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  Themes Homepage > Boat building
Working on and along the river
Boat building

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Boat Building
Communities were already established along the banks of the Thames a thousand years before the Romans arrived. Wolves still roamed the forests and extensive marshlands and swamps made travelling by land difficult, Simple boats would have provided a fairly safe form of transport.

Dugout canoes made from tree trunks were probably the earliest boats that were built along the banks of the Thames. Frameworks of willow, covered in animal hide were probably next. 2,000 years ago the Romans used Londonium (London) as a port for their sea-worthy ships, by which time, boat building had become highly sophisticated, and trade was well established with Europe.
Boat building
Boat building
Harry Rose, boat builder
Harry Rose, boat builder
The advertisement shown here from the 1870's is an example of one of the many boat builders working in the upper Thames. They provided new and second-hand boats for sale, and often boats for hire, and associated services such as guided trips.

Some well known boat yards of the 1880s included Messrs. Salter, Oxford; Clasper, Oxford, and "The Feathers," Wandsworth; Searle & Sons, Stangate, Lambeth, London, S.E.; Phelps, Peters & Co., Unity Boat-house, Putney; Biffen, Mall-road, Hammersmith; Messum, Richmond; Wheeler & Sons, Richmond; and Tagg, Moulsey. Although modern fibreglass vessels can be built far from the river, there are still some traditional boatyards which survive, which have been handed down through the family for generations.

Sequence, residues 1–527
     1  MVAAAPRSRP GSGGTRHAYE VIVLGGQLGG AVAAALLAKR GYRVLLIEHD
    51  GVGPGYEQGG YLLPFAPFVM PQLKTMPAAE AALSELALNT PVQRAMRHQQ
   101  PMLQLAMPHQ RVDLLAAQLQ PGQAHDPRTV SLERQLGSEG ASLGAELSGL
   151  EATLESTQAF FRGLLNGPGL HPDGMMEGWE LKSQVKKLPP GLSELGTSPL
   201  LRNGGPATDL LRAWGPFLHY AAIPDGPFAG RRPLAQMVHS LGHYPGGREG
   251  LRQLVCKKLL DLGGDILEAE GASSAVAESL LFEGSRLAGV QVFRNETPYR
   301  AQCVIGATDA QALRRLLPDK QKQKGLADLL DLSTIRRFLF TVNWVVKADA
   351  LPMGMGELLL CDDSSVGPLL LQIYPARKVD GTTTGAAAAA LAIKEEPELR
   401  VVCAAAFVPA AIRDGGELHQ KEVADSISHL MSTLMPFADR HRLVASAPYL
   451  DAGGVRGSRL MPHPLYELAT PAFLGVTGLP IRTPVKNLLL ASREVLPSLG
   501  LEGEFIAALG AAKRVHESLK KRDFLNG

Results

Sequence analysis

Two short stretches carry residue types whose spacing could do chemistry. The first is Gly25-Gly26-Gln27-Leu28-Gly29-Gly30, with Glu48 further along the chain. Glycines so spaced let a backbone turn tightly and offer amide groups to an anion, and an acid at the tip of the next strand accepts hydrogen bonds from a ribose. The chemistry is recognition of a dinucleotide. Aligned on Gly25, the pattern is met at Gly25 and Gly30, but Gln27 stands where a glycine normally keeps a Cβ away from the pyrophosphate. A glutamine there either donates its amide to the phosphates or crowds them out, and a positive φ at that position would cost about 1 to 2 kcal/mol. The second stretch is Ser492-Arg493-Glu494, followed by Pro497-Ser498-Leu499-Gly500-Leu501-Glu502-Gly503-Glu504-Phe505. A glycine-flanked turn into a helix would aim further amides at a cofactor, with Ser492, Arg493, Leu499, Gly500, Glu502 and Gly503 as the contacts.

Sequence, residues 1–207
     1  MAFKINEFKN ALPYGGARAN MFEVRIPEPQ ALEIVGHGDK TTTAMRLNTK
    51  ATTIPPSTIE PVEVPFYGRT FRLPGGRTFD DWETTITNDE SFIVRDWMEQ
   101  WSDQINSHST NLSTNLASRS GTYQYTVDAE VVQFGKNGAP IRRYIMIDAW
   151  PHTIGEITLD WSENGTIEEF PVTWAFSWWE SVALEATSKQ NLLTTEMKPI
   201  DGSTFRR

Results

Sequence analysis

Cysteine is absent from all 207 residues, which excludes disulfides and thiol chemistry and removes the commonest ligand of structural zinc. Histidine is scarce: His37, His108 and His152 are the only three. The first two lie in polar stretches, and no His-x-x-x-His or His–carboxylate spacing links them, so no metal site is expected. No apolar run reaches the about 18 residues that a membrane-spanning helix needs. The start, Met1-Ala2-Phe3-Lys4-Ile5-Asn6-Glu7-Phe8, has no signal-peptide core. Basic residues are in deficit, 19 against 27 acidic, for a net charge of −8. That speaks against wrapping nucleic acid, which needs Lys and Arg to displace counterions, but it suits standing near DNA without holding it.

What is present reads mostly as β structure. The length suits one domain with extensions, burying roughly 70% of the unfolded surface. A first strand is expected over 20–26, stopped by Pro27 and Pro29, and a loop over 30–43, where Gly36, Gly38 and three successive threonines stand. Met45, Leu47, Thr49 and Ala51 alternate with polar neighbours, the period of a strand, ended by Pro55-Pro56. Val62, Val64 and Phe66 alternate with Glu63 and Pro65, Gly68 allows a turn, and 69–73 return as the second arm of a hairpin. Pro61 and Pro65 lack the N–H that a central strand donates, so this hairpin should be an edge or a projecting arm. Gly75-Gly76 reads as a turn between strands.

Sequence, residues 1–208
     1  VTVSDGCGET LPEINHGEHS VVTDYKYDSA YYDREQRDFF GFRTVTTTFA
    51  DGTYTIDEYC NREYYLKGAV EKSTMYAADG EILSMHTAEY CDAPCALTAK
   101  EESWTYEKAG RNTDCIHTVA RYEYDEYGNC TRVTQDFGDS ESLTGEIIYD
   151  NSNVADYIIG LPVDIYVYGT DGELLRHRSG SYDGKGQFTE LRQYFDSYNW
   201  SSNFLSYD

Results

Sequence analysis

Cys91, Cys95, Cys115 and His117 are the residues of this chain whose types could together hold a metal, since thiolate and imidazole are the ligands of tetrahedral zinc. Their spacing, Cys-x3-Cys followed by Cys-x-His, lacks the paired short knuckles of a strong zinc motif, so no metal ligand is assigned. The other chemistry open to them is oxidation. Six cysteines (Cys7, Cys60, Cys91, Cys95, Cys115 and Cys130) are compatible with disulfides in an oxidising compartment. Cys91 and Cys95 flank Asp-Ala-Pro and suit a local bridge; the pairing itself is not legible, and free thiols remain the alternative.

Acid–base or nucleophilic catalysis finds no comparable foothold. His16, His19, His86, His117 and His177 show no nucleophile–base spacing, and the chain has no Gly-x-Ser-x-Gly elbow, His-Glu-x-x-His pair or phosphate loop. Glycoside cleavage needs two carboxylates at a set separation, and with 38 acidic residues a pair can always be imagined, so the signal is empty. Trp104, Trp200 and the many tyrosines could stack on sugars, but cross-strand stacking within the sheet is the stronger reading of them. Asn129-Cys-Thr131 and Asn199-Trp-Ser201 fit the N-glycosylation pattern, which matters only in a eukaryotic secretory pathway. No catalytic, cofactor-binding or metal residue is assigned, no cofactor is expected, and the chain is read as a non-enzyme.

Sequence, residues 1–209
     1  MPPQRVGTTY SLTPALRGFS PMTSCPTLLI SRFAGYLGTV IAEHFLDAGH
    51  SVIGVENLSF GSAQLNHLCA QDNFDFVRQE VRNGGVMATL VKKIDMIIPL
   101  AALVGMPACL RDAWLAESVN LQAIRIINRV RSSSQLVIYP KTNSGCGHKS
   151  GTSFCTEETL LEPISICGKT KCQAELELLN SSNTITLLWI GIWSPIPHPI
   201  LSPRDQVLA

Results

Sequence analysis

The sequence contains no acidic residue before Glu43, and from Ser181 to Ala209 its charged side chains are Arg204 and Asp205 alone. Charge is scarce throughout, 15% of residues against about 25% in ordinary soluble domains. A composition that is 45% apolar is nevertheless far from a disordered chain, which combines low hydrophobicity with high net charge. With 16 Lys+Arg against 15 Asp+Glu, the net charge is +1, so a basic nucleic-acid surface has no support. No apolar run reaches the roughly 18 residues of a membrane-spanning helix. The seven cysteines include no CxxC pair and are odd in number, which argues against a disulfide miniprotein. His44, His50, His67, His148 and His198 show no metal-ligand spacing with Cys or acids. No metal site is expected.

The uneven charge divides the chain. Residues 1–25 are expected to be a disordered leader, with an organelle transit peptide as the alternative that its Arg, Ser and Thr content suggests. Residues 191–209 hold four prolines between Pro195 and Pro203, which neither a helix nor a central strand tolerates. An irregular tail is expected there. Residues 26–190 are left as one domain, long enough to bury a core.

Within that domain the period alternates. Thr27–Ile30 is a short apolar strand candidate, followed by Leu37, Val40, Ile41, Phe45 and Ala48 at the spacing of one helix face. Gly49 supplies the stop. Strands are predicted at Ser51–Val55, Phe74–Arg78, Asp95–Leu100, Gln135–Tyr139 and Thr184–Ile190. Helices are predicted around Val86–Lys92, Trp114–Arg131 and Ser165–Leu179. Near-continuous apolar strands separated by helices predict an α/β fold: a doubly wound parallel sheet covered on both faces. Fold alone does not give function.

The name of Turk has been associated with boat building since medieval times. One family has run the same business for nearly 300 years. In 1710, during the reign of Queen Anne, Richard Turk founded a boat building business on the Thames near Kingston. The original boatyard has now gone, but boat hire and building continue, and television programmes such as "Hornblower" hire its services.
Half scale model of Turk's boatyard workshop
Half scale model of Turk's boatyard workshop
Prices of racing boats
"A comparison of the rates of charges of some of the principal boat builders on the Thames shows the price of racing-boats, including oars, sliding-seats, etc., to average as follows: Eights, £60; fours, £35; pairs, £22; and scullers' boats, £15." These prices come from the 1889 edition of Dickens "Dictionary of the Thames".

"The prices of the other kinds of boats vary considerably according to length, material, fittings required, &c.; but a pair-oared gig or skiff, built of deal and mahogany, 22 feet long, plainly fitted, and without any very high degree of finish, with one pair oars, one pair sculls, one boathook, two mats, cushion, back-rail, &c., complete, may be taken at £23; if built of oak and mahogany, or mahogany alone at £25."
There is a display of half scale model boats made by Turks, at Kingston Museum.
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  Themes Homepage > Boat building
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